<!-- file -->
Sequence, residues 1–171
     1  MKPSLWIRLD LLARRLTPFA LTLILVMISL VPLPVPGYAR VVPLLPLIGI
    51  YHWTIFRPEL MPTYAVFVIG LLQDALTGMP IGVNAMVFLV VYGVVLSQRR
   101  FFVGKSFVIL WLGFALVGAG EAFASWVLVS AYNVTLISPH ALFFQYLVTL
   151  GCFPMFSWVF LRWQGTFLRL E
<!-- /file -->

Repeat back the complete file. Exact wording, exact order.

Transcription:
Sequence, residues 1–171
     1  MKPSLWIRLD LLARRLTPFA LTLILVMISL VPLPVPGYAR VVPLLPLIGI
    51  YHWTIFRPEL MPTYAVFVIG LLQDALTGMP IGVNAMVFLV VYGVVLSQRR
   101  FFVGKSFVIL WLGFALVGAG EAFASWVLVS AYNVTLISPH ALFFQYLVTL
   151  GCFPMFSWVF LRWQGTFLRL E